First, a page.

Achoerodus viridis

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Achoerodus viridis
Achoerodus viridis.jpg
Scientific classification
Kingdom: Animalia
Phylum: Chordata
Class: Actinopterygii
Order: Perciformes
Family: Labridae
Genus: Achoerodus
Species: A. viridis
Binomial name
Achoerodus viridis
(Steindachner, 1866)
Blue Groper's.png
Red = Eastern blue groper
  • Heterochoerops viridis Steindachner, 1866
  • Trochocopus unicolor Günther, 1876
  • Platychoerops badius J. D. Ogilby, 1893

The eastern blue groper (Achoerodus viridian) is a species of wrasse native to southeastern Australia from Hervey Bay in southern Queensland to Wilsons Promontory in Victoria.[2] They occur in coastal waters, preferring rocky areas at a depth of about 40 m (130 ft).[3] Juveniles inhabit beds of seagrass in estuaries. The diet of this species consists of invertebrates such as various molluscs, crabs, sea urchins, and cunjevoi.[2] This species grows to a length of 72 cm (28 in) as adult males, while females are less than 60 cm (24 in) long. This species was sometimes sought as a game fish but this is now banned in New South Wales. In 1998, the eastern blue groper was made the state fish emblem of New South Wales.[4]

Distribution and habitat[edit]

The eastern blue groper is native to the southeastern coast of Australia. Its range extends from Mooloolaba in southern Queensland southwards to Wilsons Promontory in the south of Victoria, including the eastern end of the Bass Strait.[1] Its habitat is rocky areas down to a depth of about 40 m (131 ft).[3]


The eastern blue groper feeds mainly on crabs, shrimps, molluscs and echinoderms. Juvenile fish live in seagrass beds where their diet is primarily small crustaceans. This fish is a sequential hermaphrodite, starting life as a female and becoming a male when it has reached a length of at least 60 cm (24 in). The fish become sexually mature at age two to three and breeding takes place between July and September. The larvae are planktonic at first and settle in seagrass beds.[1]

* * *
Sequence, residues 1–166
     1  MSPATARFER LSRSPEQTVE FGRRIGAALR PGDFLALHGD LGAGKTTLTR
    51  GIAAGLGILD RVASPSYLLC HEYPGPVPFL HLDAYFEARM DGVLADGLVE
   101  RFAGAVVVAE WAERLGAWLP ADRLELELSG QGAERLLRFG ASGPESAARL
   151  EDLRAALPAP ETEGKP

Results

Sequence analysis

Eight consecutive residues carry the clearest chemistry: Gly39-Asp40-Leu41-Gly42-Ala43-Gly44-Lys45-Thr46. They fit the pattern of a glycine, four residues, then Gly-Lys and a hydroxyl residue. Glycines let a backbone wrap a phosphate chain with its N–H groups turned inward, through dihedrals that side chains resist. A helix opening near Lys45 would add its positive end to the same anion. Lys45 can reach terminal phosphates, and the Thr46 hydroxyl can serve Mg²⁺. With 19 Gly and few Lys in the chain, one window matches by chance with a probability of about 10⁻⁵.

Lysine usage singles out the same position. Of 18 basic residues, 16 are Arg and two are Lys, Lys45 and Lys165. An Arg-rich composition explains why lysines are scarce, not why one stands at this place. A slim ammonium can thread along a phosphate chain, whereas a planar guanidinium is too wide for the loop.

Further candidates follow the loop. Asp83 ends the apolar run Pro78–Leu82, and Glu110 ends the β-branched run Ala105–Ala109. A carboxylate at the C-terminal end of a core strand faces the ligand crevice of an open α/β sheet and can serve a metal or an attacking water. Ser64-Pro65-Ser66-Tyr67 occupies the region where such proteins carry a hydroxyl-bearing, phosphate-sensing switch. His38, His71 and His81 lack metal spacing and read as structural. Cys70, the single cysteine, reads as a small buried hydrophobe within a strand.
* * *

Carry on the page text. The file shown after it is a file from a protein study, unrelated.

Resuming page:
The total range of this fish extends to less than 64,000 km2 (25,000 sq mi). It is a slow-growing, long-lived fish and the generation turnover time is approximately twelve to fifteen years. At one time the population was dwindling because of excessive spear fishing, but in 1972, the New South Wales authorities put a ban in place, preventing all spear fishing and commercial fishing for this species. Its population size since then seems to have stabilised and the IUCN has listed it as being "Near Threatened".[1]


  1. ^ a b c d Choat, J.H. & Pollard, D. 2010. Achoerodus viridis. In: IUCN 2013. IUCN Red List of Threatened Species. Version 2013.1. <>. Downloaded on 28 October 2013.
  2. ^ a b "Eastern Blue Groper". Fish'n'kids. New South Wales Department of Primary Industries. Archived from the original on 17 October 2006. Retrieved 11 November 2006.
  3. ^ a b Froese, Rainer and Pauly, Daniel, eds. (2013). "Achoerodus viridis" in FishBase. August 2013 version.
  4. ^ "Symbols & Emblems of NSW". Archived from the original on 2010-03-27. Retrieved 7 March 2010.